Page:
Monday, 11 May 2015

Configure LVM (Logical Volume Management) in RHEL7


The physical disks, or disk partitions, such as /dev/sda or /dev/sda1 are called "physical volumes". Using LVM, we can combine multiple "physical volumes" into a "volume group". 

The size of a "volume group" is the combined size of all the constituent "physical volumes". For example, 4x10Gb drives can be combined into one 40Gb volume group. "Physical Volumes" can also be added on demand to increase the size of the "volume group".

The total capacity of a volume group can then be allocated to "logical volumes", which are accessed as regular block devices. For example, in a 40Gb volume group, we can create two 20Gb logical volumes. It is the "logical volumes" on which we create a file system and mount for data storage.

Thus, LVM Configuration consists of the following 3 steps:
1) Initialize physical volumes
2) Add the physical volumes to a volume group
3) Create logical volumes from the volume group.

Consider 2 disks '/dev/sda' and  '/dev/sdb' of size 1Gb each. We will combine these 2 disks into a "volume group", which will be of size 2Gb.

From this "volume group", we will create a logical volume of size 1Gb. We will create 'xfs' filesystem on the logical volume, and mount it to store files.

We will add another disk '/dev/sdc' of size '2Gb' to the volume group. The size of the volume group will now be 4Gb.

We will then increase the size of the "logical volume" to 3Gb.

Perform the following steps:

1) Create partition '/dev/sda1' on disk '/dev/sda' and '/dev/sdb1' on disk '/dev/sdb' using 'fdisk' or 'parted'.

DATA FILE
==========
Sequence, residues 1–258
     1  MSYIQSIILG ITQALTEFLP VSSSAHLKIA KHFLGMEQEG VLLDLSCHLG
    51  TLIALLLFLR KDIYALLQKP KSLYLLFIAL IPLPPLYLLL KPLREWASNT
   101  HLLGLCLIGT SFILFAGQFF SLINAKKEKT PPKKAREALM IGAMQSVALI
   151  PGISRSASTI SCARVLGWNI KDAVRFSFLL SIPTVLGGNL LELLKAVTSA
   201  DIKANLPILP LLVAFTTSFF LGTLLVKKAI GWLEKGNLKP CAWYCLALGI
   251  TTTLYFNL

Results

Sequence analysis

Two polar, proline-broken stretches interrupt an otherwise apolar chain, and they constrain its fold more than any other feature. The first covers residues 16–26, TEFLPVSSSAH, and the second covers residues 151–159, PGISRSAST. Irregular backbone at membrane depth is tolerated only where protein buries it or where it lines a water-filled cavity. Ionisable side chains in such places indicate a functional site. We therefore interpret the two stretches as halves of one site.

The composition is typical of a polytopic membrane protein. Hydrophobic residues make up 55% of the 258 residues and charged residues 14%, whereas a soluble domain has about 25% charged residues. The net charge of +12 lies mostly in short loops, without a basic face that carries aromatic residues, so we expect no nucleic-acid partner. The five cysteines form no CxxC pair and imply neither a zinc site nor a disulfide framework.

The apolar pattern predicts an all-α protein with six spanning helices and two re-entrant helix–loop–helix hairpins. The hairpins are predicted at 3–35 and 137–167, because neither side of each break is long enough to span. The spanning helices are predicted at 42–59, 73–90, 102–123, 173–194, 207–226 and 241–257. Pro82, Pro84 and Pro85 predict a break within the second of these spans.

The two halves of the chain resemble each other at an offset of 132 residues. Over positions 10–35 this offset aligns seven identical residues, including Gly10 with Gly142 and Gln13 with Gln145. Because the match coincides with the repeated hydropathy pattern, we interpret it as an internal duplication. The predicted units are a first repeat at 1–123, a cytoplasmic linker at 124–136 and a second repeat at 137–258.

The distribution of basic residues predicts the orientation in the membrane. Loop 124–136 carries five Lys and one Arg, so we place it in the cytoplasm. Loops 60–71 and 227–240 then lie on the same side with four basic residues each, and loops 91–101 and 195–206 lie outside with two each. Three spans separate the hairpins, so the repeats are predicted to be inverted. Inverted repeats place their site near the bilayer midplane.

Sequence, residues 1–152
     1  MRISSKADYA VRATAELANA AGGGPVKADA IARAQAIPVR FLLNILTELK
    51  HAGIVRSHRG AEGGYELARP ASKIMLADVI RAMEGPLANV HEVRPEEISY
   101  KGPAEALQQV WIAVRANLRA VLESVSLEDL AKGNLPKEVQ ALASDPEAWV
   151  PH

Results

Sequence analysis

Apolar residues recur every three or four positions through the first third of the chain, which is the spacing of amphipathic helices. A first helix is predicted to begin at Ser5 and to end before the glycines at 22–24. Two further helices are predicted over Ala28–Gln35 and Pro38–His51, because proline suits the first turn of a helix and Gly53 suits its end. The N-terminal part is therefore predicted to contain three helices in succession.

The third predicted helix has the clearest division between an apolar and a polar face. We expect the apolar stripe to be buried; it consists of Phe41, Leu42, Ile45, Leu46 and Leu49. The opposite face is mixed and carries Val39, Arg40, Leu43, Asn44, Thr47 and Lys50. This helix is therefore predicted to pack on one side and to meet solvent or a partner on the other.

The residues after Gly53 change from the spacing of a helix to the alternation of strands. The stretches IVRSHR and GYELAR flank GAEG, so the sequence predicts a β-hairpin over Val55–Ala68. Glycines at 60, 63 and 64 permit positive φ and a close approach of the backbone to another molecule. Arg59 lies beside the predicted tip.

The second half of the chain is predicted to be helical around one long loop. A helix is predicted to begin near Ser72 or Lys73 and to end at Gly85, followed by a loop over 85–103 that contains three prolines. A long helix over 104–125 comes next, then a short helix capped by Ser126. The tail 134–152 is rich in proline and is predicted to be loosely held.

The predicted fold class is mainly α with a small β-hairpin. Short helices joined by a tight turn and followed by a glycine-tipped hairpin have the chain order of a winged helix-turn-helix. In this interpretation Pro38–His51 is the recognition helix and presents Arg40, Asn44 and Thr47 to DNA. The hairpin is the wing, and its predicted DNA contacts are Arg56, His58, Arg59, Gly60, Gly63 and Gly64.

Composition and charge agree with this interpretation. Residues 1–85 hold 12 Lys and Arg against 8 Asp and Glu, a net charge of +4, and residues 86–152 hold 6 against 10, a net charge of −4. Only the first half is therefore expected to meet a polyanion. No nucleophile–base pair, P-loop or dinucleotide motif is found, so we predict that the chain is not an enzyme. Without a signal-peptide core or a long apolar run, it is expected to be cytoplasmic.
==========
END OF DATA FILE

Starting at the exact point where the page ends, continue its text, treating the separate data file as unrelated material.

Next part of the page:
NOTE: Although you can directly initialize a disk as a physical volume, it is recommended that you first create a partition on the disk, and then initialize the partition as a physical volume.

2) Initialize the partitions as physical volumes.
[root@server3 ~]# pvcreate /dev/sda1
  Physical volume "/dev/sda1" successfully created

[root@server3 ~]# pvcreate /dev/sdb1
  Physical volume "/dev/sdb1" successfully created


3) Create a volume group consisting of the  physical volumes initialized above.
[root@server3 ~]# vgcreate vg_linux /dev/sda1 /dev/sdb1
  Volume group "vg_linux" successfully created

The name of the volume group is 'vg_linux' and size is 2Gb (the combined size of both the physical volumes) as shown below.
[root@server3 ~]# vgdisplay
  --- Volume group ---
  VG Name               vg_linux
  Format                lvm2
  VG Access             read/write
  VG Status             resizable
  VG Size               1.99 GiB
  PE Size               4.00 MiB
  Total PE              510
  Alloc PE / Size       0 / 0  
  Free  PE / Size       510 / 1.99 GiB
  VG UUID               7e3JSb-YXhr-LLru-vZBr-qsM1-qqxi-bHRb0p


4) Create a logical volume of size 1Gb, which you can mount and actually use.
[root@server3 ~]# lvcreate -L 1G -n lv_data vg_linux
  Logical volume "lv_data" created
 
The logical volume can now be accessed as '/dev/vg_linux/lv_data'.

We can see that from the total size of the volume group, 1Gb has been allocated and 1Gb is free, as shown below.
[root@server3 ~]# vgdisplay
  --- Volume group ---
  VG Name               vg_linux